Quantitative Finance Stack Exchange is a question and answer site for finance professionals and academics. It's 100% free, no registration required.

Sign up
Here's how it works:
  1. Anybody can ask a question
  2. Anybody can answer
  3. The best answers are voted up and rise to the top

I was wondering what is best practice for representing elements in a time series, especially with large amounts of data. The focus/context is in a back testing engine and comparing multiple series.

It seems there are two options:

1) Using an integer index, or
2) Using a date-based index

At the moment I am using dates, but this impacts on performance & memory usage in that I am using a hash table rather than an array, and it requires some overhead in iteration (either forward or backwards) as I have to determine the next/previous valid date before I can access it.

However, it does let me aggregate data on the fly (e.g. building the ohlc for the previous week when looking at daily bars) and most importantly for me allows me to compare different series with certainty I am looking at the same date/time. If I am looking at an equity issue relative to a broader index, and say the broader index is missing a few bars for whatever reason, using an integer indexed array would mean I'm looking at future data for the broad index vs present data for the given security. I don't see how you could handle these situations unless you're using date/times.

Using integer indexes would be a lot easier code wise, so I was just wondering what others are doing or if there is best practice with this.

share|improve this question
What programming language are you using? – chrisaycock Feb 26 '11 at 6:27
I just do what R does with POSIXct: fractional seconds since the epoch. Millisecond resolution ... and it easily interfaces with POSIX time semantices in other systems. – Dirk Eddelbuettel Feb 26 '11 at 14:12
R also have class libraries such as [XTS] (cran.r-project.org/web/packages/xts/index.html) which you can use. They also allow you to select subsample quite easily. But, as @chrisaycock said, it pretty much depends on what technology you're using, and how large is your sample. – SRKX Feb 28 '11 at 19:58
Just use pandas. Or if you're intent on going your own route, copy pandas. At its most basic it's just parallel arrays of timestamps and data but there're a lot of edge cases. pandas.pydata.org/pandas-docs/dev/timeseries.html – U2EF1 Jan 17 '14 at 6:20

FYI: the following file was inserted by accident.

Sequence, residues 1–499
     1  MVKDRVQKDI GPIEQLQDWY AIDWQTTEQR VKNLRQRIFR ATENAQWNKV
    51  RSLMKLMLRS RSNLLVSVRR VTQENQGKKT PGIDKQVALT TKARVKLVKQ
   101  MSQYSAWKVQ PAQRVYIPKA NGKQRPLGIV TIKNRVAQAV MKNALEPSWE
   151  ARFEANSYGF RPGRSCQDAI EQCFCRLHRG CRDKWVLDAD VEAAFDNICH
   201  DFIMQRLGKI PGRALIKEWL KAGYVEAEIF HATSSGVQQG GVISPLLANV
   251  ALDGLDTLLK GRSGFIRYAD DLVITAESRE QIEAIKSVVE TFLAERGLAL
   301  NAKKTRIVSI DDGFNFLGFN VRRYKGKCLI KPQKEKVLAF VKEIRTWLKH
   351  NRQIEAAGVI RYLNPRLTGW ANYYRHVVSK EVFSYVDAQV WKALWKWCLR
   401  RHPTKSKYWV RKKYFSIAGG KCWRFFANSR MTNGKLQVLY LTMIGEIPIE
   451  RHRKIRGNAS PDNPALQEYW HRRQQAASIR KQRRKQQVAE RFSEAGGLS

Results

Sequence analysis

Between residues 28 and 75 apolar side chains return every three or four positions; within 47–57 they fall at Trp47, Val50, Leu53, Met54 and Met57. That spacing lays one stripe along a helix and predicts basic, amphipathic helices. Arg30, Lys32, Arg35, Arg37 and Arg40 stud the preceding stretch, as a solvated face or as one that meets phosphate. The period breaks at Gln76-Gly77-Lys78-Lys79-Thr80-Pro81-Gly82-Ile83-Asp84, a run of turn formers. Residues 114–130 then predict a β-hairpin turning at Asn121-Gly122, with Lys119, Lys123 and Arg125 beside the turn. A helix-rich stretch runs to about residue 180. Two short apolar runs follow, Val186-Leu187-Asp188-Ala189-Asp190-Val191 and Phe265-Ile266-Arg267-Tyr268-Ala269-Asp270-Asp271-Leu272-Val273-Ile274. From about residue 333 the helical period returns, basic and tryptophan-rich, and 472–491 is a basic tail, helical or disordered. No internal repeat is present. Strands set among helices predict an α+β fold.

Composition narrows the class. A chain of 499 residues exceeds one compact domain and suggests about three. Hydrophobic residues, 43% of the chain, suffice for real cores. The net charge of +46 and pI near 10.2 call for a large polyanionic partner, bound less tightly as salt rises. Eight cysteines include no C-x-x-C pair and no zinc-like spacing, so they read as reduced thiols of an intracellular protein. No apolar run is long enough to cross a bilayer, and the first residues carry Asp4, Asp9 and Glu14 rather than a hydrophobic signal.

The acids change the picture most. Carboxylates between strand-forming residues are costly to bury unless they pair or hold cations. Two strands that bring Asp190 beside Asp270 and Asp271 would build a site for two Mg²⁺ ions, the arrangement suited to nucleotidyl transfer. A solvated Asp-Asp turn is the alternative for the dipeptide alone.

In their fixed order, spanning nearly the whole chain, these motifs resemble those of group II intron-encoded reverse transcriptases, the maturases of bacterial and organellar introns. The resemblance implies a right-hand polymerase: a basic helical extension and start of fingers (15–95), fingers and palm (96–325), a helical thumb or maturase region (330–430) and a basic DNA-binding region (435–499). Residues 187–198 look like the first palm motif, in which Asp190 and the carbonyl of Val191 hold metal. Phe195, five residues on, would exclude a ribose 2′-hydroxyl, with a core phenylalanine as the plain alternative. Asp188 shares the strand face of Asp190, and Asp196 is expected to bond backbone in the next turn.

up vote 18 down vote accepted

Representing time series (esp. tick data) using elaborate data structures may be not the best idea.

You may want to try to use two arrays of the same length to store your time series. The first array stores values (e.g. price) and the seconds stores time. Note that the second series is monotonically increasing (or at least non-decreasing), i.e. it's sorted. This property enables you to search it using the binary search algorithm. Once you get an index of a time of interest in the second array you also have the index of the relevant entry in the first array. If you wrap the two arrays and the search algorithm e.g. in a class you will have the whole implementation complexity hidden behind a simple interface.

share|improve this answer
Arrays are also cache friendly which is a big advantage on modern CPU where a lot of cache misses can be critical for performance. – Andrey Taptunov Aug 23 '11 at 6:25
Additionally, if you have some data in mostly regular intervals (e.g. daily) you can use estimates of the actual position (knowing start/end dates and frequency) to further beef up performance for even more juice. – Karol Piczak Dec 10 '11 at 14:59
I disagree with this solution; it produces human errors. what if you miss one entry on one of the arrays? all your data is out of wack. Best is to store the Date,OHLC in rows; and then in one array. – alpha Apr 3 '12 at 0:08